Published: 26.04.2021

After school or University or most online courses on web development, we are always taught about delivery when it comes to working in the industry; bug fixes as well new features and how they are released. But why is it so different when it comes to software.

Software is still downloaded as a single huge beast for the most part; Sketch is a great example and is somewhat lightweight in comparison to other software like Adobe CC products or Microsoft Office products. Sketch version 71 was released on 23rd March downloading this version is nearly 65MB in size, two days later 71.1 was released that fixed a few annoying bugs that had been discovered; downloading this update was again nearly 65MB in size but how much difference could there be between the two versions in terms of lines of code written?

After some thought I started to draw some direct comparisons between native software development and web development especially when using version control like Git and how deploying from that only updates the files that have changed instead of downloading every line of code written and wondering whether software development could use the same technique.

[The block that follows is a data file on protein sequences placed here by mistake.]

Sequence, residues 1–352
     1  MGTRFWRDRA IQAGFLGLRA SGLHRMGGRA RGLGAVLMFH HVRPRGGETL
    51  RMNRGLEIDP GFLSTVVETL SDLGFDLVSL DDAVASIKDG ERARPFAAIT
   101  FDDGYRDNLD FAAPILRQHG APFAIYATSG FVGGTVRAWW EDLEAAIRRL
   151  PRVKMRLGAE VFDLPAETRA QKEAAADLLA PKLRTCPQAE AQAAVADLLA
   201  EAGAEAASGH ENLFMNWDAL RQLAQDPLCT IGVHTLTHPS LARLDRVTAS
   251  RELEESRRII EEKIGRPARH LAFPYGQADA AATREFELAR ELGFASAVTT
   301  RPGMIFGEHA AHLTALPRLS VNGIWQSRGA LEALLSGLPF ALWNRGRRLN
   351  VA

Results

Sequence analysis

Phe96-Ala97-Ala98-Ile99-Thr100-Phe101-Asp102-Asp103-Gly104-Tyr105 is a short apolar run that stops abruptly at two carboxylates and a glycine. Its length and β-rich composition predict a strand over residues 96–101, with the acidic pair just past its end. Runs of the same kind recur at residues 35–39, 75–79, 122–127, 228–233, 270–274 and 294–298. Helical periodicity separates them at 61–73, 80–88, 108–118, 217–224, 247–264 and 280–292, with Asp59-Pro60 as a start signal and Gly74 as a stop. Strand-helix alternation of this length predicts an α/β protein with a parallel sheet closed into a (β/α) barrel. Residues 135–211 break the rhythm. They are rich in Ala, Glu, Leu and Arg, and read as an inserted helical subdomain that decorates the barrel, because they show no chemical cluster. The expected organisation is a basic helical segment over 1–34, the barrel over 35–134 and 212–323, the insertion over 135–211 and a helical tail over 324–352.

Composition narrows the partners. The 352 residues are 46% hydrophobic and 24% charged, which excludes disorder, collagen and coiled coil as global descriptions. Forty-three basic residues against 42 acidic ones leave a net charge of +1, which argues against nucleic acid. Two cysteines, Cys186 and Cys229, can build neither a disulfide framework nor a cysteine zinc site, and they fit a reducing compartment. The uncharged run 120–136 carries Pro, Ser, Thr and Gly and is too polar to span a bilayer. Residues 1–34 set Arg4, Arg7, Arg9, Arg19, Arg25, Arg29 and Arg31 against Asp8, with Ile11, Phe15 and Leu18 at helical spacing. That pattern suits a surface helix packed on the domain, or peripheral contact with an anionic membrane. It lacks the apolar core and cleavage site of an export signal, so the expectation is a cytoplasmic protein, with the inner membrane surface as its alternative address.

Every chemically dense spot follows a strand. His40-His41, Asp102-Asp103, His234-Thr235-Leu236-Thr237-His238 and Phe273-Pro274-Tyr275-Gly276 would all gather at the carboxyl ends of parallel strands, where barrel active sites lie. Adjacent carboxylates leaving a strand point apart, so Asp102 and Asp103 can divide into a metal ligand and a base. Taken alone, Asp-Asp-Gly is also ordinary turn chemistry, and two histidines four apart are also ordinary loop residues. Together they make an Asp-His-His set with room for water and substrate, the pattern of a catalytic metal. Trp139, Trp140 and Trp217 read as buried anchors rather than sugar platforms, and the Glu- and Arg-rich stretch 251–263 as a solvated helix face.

I get that there are business targets adding to the pressure of releasing major software versions at a certain time and it's the most prevalent in gaming with the influx of "day one patches" created even before the physical discs (that some people still buy including myself) have actually hit the shelves as they already know that things are broken before people have even bought the game. That's a bigger topic that I don't want to get into with this article as it's not my place but there are definitely links between them.

Using version control to minimise the download of a new version of a piece of software would have a massive decrease in download time meaning that even those with slower internet connections can more easily get the latest updates, when talking about digital sustainability I always mention about how making websites more lightweight and purposeful websites makes them more democratic as it means that connection speeds due to location are no longer an issue. If we can do this for the web, why can't we for software?

If you have your own thoughts on this, please do share them; find us on LinkedIn or send us an email; it would be amazing to hear from likeminded people on this and figure out ways of reducing huge software downloads.

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